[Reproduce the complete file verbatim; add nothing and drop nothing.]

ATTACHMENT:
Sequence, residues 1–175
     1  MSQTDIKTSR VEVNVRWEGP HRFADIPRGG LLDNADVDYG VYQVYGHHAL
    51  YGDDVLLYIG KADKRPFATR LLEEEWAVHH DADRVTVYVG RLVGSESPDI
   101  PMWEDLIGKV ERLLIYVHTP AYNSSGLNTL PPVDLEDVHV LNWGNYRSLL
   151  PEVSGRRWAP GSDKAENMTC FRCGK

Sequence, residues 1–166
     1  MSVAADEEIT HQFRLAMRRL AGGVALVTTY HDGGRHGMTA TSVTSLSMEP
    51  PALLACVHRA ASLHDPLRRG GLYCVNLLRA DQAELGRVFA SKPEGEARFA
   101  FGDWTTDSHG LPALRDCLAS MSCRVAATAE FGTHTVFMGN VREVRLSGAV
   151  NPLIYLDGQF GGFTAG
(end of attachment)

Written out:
Sequence, residues 1–175
     1  MSQTDIKTSR VEVNVRWEGP HRFADIPRGG LLDNADVDYG VYQVYGHHAL
    51  YGDDVLLYIG KADKRPFATR LLEEEWAVHH DADRVTVYVG RLVGSESPDI
   101  PMWEDLIGKV ERLLIYVHTP AYNSSGLNTL PPVDLEDVHV LNWGNYRSLL
   151  PEVSGRRWAP GSDKAENMTC FRCGK

Sequence, residues 1–166
     1  MSVAADEEIT HQFRLAMRRL AGGVALVTTY HDGGRHGMTA TSVTSLSMEP
    51  PALLACVHRA ASLHDPLRRG GLYCVNLLRA DQAELGRVFA SKPEGEARFA
   101  FGDWTTDSHG LPALRDCLAS MSCRVAATAE FGTHTVFMGN VREVRLSGAV
   151  NPLIYLDGQF GGFTAG